This is the introduction to a three part series on “Being”. To lay the foundation for this series I want to give you a brief look at Abraham Maslow’s theories of self-actualization. The last two posts will be about discovering who you are destined to “Be” as your self-actualized self.
I spent several years in the 1970s trying to figure out just who I was. I read dozens of self-help books about that topic. There was Berne, Fromm, Harris, and Maslow, among others, on that list. They didn’t help my personal problems much at the time but I did learn some valuable insight from them. The above graphic pretty simply explains Abraham Maslow’s theory of Self-Actualization, or as I call it “Being”.
Very briefly, according to Maslow each of the needs below the desired peak must be accomplished before the one above it can happen. After we have enough to eat and a place to live we move on to making sure we are safe and secure in our world. Then comes love and self-esteem. I think these two areas are where I had the most trouble. If I had known about my Aspie traits in those years I probably would have gained those two levels much sooner than I did.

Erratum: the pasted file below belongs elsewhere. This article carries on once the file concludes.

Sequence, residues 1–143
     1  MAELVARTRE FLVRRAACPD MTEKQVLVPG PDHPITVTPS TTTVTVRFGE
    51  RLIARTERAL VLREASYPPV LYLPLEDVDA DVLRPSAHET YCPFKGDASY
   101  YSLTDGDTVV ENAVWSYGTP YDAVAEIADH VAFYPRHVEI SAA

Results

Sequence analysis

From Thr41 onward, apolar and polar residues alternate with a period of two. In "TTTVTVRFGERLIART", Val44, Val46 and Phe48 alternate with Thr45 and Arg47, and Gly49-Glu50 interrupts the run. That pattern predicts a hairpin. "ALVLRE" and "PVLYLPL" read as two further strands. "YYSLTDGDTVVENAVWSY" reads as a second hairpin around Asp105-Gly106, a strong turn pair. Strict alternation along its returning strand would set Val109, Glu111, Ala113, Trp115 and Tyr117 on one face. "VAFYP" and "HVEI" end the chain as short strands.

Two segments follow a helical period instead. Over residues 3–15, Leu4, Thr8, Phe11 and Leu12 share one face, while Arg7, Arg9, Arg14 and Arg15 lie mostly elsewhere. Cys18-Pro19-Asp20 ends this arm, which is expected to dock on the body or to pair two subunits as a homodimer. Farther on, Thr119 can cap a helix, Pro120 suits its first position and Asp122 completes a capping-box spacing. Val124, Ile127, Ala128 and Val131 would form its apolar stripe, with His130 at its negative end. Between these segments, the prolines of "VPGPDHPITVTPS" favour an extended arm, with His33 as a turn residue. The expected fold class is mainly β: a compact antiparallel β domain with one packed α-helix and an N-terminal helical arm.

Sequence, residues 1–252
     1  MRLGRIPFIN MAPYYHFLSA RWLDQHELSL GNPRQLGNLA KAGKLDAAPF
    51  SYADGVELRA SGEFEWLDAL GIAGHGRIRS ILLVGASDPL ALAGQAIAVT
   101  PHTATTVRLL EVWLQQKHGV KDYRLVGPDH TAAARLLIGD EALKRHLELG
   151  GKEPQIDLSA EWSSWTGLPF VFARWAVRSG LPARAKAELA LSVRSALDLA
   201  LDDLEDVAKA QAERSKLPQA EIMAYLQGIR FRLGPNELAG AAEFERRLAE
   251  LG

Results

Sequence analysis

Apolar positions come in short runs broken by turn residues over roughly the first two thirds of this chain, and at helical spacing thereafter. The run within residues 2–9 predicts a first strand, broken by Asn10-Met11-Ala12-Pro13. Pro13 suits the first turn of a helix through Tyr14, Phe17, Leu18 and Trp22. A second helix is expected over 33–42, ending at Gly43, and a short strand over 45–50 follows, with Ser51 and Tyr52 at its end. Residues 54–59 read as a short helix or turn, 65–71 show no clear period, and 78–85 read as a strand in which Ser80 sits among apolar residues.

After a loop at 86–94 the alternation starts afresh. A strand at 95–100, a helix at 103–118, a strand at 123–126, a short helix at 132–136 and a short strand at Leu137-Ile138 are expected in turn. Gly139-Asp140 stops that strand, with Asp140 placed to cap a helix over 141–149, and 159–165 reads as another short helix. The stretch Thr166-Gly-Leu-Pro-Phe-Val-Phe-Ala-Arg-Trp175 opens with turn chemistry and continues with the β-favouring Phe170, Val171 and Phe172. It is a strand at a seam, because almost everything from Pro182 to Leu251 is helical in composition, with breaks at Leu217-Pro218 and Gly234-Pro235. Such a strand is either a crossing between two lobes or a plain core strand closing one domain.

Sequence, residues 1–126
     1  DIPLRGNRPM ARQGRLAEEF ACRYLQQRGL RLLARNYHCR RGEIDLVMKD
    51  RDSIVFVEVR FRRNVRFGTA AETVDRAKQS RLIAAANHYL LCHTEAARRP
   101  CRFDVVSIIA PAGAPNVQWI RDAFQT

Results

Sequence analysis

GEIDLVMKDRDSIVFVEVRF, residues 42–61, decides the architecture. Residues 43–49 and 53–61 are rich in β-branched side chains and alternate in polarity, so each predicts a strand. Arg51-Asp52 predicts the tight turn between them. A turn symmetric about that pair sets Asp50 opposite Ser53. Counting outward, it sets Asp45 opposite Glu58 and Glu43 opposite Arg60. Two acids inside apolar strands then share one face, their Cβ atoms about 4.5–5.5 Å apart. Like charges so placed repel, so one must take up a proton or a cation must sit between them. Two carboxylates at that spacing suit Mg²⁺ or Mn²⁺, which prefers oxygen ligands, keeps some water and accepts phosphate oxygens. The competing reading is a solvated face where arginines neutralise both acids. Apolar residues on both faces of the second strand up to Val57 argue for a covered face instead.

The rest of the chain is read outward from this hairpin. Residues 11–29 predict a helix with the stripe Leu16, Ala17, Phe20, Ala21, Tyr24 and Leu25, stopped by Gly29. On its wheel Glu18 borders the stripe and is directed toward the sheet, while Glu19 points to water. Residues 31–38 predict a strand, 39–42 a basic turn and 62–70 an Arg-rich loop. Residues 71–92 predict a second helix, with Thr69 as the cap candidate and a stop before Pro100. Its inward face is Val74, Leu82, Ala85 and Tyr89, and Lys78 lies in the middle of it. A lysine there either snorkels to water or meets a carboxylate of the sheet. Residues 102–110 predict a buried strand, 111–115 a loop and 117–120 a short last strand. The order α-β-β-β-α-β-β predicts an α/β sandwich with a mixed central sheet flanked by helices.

Now, let’s get to the peak of this pyramid which is self-actualization. Here is a list of some of the characteristics of a self-actualized person:
- Accepting your own human nature with all its flaws.
- Being true to yourself rather than be how others want you to be.
- Value solitude and being comfortable with yourself.
- Has the ability to laugh at yourself.
- A sense of oneness with humanity.
- Living creatively and up to your potential.
- An unusual ability to detect the spurious and fake dishonesty
One of the things that made Maslow different was that instead of focusing on what goes wrong with people he focused on human potential. How these characteristics above are obtained very greatly from person to person. The overall goal of a self-actualized person is to find their core nature that is unique to them. Whether famous or unknown, educated or not, rich or poor, self-actualized people just know who they are and go about their lives living their core principles.
That’s enough of self-actualization according to Maslow. Next time I will be talking about my definition of the three parts of life that I gleaned from Maslow and in the third post of the trilogy how “being” who you were meant to be might be accomplished.